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“Satellite Museums” Panel: My Interchange with Guggenheim’s Richard Armstrong on Abu Dhabi Human-Rights Concerns

Richard Armstrong, director, Solomon R Guggenheim Foundation

Richard Armstrong, director, Solomon R. Guggenheim Foundation

This afternoon I attended an illuminating panel about “Satellite Museums” at the Guggenheim Museum, presented by the Cultural Services of the French Embassy. Richard Armstrong, the Guggenheim’s director, was a panelist, along with two Parisian heavyweights—the director of the Centre Pompidou and the managing director of the Louvre.

In the Q&A portion of the program, Armstrong and I had this telling exchange, which I share with you in haste (and probably with typos) as I prepare to attend another panel this evening:

ROSENBAUM: What is the current status of the Helsinki project? And in Abu Dhabi, to what extent have you satisfied yourself that [workers'] conditions there are appropriate?

ARMSTRONG: In Helsinki we’ve been given permission by the city to have a one-year competition for an architectural project. So it’s Step One in a possibly long-term relationship. I think shortly there will be some announcements about how the procedure and the open competition will go forward. Thirteen or 14 months from now there will be a conclusion to that aspect of a possible relationship.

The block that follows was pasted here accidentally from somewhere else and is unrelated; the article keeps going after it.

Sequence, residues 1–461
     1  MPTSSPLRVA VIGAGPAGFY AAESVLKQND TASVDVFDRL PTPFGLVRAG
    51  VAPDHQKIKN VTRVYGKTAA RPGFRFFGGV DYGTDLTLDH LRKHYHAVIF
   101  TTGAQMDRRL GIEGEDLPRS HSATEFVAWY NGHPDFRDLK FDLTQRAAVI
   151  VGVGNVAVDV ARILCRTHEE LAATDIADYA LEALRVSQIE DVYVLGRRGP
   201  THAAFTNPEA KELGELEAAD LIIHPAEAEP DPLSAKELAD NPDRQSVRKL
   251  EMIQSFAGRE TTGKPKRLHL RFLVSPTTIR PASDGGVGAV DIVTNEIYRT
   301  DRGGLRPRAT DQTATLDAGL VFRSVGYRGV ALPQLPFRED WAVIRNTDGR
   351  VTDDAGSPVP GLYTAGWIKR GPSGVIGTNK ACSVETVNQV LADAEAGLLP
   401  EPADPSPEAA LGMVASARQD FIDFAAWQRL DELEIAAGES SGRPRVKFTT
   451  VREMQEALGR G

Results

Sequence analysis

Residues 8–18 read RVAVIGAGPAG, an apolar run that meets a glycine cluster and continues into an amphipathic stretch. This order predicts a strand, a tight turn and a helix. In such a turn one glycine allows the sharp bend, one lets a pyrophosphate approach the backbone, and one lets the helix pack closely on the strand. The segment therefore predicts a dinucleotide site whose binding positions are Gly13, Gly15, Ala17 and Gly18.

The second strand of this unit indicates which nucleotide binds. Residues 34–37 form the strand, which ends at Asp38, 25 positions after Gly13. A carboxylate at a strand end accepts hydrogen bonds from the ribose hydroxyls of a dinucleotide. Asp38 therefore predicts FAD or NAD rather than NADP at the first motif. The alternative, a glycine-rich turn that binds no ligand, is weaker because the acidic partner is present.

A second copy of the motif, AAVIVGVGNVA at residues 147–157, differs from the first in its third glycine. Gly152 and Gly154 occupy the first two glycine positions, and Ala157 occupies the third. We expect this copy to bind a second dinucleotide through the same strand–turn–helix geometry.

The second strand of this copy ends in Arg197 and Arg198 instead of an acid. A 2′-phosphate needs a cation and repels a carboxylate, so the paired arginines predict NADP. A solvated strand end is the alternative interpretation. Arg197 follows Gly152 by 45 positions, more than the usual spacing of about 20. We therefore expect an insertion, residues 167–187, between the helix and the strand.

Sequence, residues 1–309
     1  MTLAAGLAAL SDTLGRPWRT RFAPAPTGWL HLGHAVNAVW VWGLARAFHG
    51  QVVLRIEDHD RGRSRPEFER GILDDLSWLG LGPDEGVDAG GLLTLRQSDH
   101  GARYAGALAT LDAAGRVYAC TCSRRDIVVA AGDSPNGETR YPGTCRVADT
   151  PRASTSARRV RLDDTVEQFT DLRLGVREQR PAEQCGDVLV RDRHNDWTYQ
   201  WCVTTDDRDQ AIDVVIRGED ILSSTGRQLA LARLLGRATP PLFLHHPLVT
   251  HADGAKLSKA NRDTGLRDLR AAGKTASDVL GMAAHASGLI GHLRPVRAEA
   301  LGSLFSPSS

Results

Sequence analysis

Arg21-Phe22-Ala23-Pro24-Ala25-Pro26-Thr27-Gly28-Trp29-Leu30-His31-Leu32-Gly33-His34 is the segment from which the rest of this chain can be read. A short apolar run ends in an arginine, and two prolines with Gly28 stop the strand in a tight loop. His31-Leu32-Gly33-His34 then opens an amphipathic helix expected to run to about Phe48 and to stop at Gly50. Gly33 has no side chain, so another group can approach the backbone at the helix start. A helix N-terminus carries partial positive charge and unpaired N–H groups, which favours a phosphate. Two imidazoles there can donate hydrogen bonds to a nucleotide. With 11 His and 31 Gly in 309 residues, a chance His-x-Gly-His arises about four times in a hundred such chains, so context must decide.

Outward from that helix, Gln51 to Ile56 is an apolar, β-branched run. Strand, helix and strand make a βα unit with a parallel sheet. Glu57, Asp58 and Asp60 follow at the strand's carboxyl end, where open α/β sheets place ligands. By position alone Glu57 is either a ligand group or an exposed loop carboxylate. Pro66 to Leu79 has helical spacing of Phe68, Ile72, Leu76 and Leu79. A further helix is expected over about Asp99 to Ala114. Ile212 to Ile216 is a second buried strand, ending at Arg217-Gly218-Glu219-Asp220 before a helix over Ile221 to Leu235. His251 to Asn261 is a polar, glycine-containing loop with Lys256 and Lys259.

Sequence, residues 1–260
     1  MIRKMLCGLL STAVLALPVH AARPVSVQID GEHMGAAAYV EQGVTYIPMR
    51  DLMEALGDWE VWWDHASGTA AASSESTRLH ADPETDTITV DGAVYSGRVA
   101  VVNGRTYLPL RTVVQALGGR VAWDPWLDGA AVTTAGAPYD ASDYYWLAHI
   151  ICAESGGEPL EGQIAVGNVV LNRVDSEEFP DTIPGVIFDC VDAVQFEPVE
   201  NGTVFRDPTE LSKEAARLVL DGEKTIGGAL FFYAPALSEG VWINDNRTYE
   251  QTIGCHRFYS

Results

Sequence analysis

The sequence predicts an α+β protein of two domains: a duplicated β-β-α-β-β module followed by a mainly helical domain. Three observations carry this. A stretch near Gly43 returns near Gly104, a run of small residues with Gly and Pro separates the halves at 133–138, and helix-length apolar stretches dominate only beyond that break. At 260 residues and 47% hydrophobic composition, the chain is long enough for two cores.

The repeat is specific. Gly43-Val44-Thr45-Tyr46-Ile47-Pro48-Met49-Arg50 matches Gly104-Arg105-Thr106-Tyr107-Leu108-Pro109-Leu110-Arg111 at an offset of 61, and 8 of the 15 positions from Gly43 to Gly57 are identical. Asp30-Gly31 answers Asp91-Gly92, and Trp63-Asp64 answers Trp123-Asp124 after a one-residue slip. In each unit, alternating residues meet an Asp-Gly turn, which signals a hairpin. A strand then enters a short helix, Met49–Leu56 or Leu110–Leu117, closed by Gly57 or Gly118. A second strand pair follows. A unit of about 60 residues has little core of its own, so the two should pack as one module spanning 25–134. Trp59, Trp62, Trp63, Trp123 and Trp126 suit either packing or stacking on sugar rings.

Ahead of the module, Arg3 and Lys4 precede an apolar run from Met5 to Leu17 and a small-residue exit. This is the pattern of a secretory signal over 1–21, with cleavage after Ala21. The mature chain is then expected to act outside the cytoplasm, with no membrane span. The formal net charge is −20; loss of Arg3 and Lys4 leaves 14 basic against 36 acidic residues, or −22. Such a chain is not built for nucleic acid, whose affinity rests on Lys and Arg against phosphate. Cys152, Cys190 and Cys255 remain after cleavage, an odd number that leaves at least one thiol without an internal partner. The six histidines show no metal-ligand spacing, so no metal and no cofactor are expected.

We’re not satisfied, of course [emphasize added] with the current situation in UAE [United Arab Emirates]. But I must say that our partners at TDIC [Abu Dhabi's Tourism Development and Investment Company] are not satisfied either. So together we’ve made as many improvements to the law, which I think is already, defensibly, the best one in the region. The workers that are today constructing the Louvre Abu Dhabi are housed in a model facility which I visited again a month ago.

The question of confiscation of passports I think particularly in the last PWC [PricewaterhouseCoopers, the independent monitor] report showed tremendous improvement and many fewer people suffered from that kind of restriction.

The big issue goes on to be about recruitment fees [sizable amounts charged to workers by agents who recruit the project’s migrant workers in other countries]. That’s a very complex foreign policy question between governments. So to the degree that we can influence that positively, we are trying on a daily basis.

ROSENBAUM: You mentioned that you “are not satisfied.” Will you not proceed unless you get to the point where you are satisfied?

ARMSTRONG: I’m not sure I would say it that way.

ROSENBAUM: How would you say it?

ARMSTRONG: I’d say that we have faith that there will be progress.

As I wrote here, the PricewaterhouseCoopers report (which you can read in full here indicated that working conditions and labor practices on Saadiyat Island (where construction of the Louvre’s satellite facility has already begun) have improved but still have a long way to go. As PwC put it: “While improvement has taken place in 2013, efforts are still required to enhance compliance.”

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